A few years ago, Grant wrote about Qik, and I wrote about using it to integrate video into your blog.
The truth is, Qik was not only one of the best video streaming apps back then, but it’s also a really cool way to have a video chat with family or friends when you’re on the road.
The Skype application on my computer could see that my phone account was logged in and I could initiate a video call.
The call initiated a regular chat, but the video stream remained blank.
Maybe there was something buried in the Skype settings on the desktop app that might have gotten the whole thing working, but in my book if it’s really that complicated to get it to work right, then it doesn’t belong on the list of best mobile video chatting apps.
I’ve run through about 5 different apps that promise to deliver video chatting well, but narrowed it down to two that actually do.
There is one particular app that deserves an honorable mention, because I’ve used it for so many years.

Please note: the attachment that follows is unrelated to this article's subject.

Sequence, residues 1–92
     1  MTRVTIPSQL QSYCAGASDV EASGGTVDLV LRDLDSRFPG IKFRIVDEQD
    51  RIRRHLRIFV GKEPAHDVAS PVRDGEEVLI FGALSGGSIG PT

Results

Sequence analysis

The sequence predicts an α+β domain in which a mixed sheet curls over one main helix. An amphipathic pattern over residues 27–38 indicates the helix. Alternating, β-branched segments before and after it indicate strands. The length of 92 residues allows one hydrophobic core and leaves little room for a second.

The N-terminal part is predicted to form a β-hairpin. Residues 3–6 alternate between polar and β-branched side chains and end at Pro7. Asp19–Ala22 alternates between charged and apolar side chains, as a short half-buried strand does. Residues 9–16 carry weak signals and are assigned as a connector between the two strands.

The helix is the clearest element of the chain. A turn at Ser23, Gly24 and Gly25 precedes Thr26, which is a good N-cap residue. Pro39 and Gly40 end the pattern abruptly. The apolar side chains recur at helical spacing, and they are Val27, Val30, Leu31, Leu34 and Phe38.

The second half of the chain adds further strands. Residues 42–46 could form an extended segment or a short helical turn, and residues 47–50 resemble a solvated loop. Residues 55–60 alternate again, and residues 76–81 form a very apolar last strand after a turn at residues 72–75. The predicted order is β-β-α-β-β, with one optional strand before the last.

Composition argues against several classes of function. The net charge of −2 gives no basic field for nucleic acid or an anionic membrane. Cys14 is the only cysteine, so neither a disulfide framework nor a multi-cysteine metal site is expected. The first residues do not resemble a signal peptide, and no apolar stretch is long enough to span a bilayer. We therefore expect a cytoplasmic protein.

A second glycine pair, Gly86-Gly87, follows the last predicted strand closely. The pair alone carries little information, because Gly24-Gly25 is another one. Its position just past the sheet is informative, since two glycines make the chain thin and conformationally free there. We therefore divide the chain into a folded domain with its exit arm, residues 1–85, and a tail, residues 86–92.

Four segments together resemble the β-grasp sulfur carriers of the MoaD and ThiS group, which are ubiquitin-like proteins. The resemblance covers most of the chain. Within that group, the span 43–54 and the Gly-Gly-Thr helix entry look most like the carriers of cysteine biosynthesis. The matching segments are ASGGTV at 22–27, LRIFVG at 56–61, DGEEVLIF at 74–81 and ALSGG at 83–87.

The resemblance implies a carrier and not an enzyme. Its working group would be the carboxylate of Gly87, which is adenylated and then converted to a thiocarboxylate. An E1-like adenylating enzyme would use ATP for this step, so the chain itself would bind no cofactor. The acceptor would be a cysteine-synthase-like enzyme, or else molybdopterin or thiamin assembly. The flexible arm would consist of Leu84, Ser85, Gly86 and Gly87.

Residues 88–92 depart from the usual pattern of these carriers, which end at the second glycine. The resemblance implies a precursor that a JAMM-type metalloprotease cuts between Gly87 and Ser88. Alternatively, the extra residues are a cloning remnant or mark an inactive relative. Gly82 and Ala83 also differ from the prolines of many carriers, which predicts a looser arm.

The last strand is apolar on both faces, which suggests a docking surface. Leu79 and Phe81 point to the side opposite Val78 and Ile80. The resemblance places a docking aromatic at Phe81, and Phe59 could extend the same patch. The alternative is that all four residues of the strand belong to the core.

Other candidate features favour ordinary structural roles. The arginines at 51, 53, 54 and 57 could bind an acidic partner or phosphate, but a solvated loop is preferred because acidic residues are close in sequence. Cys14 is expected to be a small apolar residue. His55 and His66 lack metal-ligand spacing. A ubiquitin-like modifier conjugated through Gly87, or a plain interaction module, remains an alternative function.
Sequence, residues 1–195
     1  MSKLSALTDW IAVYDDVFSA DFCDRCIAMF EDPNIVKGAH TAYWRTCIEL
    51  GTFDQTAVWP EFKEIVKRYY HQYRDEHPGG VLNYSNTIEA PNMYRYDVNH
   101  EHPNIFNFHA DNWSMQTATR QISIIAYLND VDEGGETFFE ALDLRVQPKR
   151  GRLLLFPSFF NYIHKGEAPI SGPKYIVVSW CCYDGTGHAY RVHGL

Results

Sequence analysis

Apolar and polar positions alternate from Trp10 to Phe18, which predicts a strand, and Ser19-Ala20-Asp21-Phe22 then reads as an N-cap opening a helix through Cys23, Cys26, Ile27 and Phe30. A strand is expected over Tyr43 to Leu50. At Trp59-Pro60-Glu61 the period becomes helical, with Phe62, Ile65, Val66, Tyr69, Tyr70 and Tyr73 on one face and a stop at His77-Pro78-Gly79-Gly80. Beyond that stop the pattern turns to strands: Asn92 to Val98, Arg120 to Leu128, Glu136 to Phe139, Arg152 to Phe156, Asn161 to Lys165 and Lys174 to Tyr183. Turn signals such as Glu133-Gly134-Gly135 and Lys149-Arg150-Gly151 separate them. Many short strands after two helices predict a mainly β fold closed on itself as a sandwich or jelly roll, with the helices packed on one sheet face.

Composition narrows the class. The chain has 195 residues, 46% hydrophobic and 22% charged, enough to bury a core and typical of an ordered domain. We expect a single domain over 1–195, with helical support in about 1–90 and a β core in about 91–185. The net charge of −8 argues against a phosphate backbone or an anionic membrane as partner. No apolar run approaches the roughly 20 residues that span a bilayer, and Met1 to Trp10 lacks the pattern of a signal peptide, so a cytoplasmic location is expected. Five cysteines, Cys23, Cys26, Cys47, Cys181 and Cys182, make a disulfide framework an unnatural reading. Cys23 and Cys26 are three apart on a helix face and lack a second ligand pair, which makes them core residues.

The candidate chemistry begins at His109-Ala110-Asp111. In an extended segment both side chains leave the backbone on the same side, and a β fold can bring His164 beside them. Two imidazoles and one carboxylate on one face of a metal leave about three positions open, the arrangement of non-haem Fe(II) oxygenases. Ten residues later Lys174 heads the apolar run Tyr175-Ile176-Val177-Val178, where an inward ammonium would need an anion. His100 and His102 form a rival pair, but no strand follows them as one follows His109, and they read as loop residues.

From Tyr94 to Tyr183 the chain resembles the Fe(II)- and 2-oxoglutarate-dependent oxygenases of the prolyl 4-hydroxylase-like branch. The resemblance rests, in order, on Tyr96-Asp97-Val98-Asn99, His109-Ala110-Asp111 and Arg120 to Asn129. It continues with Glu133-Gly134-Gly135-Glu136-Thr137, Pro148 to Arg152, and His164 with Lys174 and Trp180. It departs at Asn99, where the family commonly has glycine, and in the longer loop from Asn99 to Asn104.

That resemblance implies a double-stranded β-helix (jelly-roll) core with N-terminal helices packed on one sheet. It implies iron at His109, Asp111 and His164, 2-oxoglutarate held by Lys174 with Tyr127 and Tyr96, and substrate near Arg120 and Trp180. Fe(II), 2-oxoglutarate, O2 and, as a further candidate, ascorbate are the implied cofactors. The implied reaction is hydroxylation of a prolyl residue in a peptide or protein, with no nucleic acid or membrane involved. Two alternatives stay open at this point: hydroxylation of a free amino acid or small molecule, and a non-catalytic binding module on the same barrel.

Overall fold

I just assumed that Skype would make the very top of the list when it comes to video chatting because it has always outperformed my expectations when it came to voice chatting and conferencing.
Skype offers an app on Google Play that claims you can use it to make free Skype-to-Skype video calls, in addition to regular text chatting and voice of course.
Folks have been using instant messaging on their mobile phones almost as long as there have been mobile phones.
Video chatting, on the other hand, is only really starting to take off in a big way now that mobile data networks are really starting to expand in bandwidth.
Trying to squeeze streaming video from a 2 megapixel camera over a 2G mobile data line was one thing, but streaming 5 megapixel video through a 4G data network or higher is a whole different story.
If you’re running an Android, you’ve got lots to choose from for sending and receiving IM through your data network instead of using up your allotted texts. When it comes to video chatting, you’re looking at a whole different set of choices.